Why playing card games is good for your web site
Todd Haskell | October 1, 2018
No, we're not trying to encourage a solitaire habit. We're talking about something called a card sort task, which can be a great tool to help figure out how to set up the navigation on your site.
The point of having a navigation system is to help users easily locate the content they are looking for. If your site only has a few pages, you may be able to get away with a few navigation links at the top of your page. But as the number of pages grows, you soon run out of space for links, and have to make use of sub-menus, or even sub-submenus, like in this example from Amazon.com:
But how should you organize pages into menus so that they're easy for users to find? You may think 'potato chips' and 'hot dog buns' go together, but your users may think 'potato chips' should go with 'pretzels'. A card sort task helps you figure out the best way to organize your menus so that they will make sense to users.
Here's how it works. You start by creating a list of all the pages on your site. If you haven't already done it, it will be useful to do this in the form of a sitemap, like this:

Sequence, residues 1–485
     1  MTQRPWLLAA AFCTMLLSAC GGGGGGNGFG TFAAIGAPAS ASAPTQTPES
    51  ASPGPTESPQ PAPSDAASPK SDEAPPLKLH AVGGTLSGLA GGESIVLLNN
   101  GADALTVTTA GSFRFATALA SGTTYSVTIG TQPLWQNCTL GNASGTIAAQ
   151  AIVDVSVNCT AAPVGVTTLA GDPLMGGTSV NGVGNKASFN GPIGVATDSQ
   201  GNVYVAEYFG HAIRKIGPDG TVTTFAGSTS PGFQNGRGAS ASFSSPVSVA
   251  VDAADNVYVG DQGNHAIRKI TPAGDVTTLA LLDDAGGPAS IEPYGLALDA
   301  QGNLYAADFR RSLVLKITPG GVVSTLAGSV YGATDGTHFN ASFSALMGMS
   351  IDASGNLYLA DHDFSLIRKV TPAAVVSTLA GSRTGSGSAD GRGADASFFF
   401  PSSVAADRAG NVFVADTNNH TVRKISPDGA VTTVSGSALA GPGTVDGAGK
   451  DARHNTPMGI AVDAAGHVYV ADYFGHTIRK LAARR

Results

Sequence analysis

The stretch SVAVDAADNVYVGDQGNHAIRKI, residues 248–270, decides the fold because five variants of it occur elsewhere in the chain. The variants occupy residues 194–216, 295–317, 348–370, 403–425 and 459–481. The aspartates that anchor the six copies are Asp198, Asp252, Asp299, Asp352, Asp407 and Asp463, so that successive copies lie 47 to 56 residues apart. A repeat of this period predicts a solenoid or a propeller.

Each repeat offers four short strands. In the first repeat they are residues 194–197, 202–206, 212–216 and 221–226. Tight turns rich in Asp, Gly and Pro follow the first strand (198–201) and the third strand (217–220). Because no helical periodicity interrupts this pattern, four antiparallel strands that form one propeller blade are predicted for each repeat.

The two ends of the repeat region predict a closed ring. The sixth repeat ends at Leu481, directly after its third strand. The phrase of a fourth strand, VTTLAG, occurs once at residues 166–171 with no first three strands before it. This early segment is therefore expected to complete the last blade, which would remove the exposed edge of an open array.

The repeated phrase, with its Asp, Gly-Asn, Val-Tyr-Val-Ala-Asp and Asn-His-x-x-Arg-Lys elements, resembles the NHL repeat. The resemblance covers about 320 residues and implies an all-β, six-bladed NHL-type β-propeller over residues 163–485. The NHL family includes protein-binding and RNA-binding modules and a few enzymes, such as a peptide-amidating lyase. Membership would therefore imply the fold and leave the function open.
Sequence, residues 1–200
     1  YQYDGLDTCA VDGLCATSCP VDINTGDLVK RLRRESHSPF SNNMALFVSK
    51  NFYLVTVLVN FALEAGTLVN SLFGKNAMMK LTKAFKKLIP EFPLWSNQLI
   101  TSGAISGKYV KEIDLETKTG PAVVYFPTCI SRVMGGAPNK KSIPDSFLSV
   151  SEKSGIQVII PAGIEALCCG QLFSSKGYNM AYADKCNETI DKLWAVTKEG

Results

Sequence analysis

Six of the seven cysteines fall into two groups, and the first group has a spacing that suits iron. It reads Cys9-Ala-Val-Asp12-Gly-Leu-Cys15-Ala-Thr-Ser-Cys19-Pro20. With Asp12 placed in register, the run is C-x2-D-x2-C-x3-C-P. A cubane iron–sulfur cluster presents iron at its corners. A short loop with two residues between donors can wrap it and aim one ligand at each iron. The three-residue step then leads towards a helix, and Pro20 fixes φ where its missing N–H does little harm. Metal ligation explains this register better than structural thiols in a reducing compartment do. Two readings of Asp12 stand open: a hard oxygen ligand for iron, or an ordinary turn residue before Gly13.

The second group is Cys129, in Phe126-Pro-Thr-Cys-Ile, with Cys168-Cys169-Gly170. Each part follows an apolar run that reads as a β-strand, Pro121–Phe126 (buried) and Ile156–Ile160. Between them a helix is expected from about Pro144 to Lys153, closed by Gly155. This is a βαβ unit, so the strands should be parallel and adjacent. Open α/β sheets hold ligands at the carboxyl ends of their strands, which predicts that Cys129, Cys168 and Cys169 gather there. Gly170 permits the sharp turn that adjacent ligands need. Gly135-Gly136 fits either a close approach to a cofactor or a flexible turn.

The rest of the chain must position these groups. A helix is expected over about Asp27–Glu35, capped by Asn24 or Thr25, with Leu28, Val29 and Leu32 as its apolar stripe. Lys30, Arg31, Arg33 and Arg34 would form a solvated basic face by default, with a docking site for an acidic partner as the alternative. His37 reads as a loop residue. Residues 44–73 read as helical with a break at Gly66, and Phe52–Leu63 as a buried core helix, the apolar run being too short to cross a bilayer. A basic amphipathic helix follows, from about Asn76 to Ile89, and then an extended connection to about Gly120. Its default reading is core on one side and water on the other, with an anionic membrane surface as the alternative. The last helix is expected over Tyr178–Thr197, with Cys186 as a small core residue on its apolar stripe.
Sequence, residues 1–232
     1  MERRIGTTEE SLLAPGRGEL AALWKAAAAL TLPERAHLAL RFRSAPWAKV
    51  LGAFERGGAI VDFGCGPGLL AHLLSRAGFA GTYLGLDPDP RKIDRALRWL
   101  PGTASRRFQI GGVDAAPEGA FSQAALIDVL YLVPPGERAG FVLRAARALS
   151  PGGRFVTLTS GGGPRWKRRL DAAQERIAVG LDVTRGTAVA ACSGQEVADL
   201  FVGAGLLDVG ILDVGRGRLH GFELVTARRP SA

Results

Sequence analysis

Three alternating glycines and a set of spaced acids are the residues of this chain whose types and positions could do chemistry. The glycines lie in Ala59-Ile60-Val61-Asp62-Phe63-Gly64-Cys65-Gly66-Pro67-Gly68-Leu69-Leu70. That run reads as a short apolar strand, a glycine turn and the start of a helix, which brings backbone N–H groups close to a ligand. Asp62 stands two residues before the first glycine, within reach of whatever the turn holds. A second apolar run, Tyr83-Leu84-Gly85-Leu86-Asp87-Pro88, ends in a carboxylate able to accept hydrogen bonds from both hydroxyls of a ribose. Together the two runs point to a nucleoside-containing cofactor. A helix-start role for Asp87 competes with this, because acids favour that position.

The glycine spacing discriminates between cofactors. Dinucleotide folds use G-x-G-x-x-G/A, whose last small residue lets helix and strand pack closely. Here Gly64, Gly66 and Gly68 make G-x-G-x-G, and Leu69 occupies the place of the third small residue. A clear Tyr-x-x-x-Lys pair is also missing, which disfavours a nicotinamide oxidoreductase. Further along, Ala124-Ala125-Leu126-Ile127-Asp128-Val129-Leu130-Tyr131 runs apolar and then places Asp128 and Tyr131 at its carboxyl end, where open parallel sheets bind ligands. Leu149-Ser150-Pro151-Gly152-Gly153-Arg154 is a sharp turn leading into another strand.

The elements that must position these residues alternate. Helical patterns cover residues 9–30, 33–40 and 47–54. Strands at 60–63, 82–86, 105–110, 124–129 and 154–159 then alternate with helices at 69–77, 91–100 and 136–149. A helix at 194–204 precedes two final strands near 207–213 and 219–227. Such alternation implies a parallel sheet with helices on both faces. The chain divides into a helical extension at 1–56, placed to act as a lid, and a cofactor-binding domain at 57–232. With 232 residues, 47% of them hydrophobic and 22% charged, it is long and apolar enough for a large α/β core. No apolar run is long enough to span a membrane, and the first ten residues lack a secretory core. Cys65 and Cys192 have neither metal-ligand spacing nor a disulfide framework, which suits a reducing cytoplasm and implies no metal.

Now, write down the name of each page on a notecard. Shuffle the notecards, hand them to a user, and ask them to organize the cards into groups so that similar pages are grouped together. Once they've done this, give them a sticky note for each group, and ask them to label the groups with a word that describes what they all have in common. Here's what the result looks like:
Even getting the perspective of one person other than yourself can be useful, but for you to get the full benefit of this technique, it's best to get have several users do it. For the example being used here, 7 different users of the site sorted the cards. Of course, different users will sort the cards in different ways, so how do you use the results to actually design your menus? We use a statistical method called hierarchical agglomerative clustering (we're not making that up, Google it if you like!). This produces what's called a dendrogram, like the one below:
The dendrogram groups the most similar pages together, then the next most similar pages, and so on. In this case, we wanted four menus, so we looked for the place in the dendrogram where there were four groups left.
Because the dendrogram basically averages together the opinions of many different users, sometimes it can produce results that don't make sense (as a rough analogy, it's like trying to average together chicken and squash and getting ketchup). So, you still have to use your judgment, and not blindly follow the statistics (really, you should never blindly follow statistics anyway!). So after a few adjustments to what we got from the dendrogram, we arrived at this new menu structure:
These new menus more closely reflect how the users of the site think about the content than the menus we started with, so they should make navigating the site simpler and easier!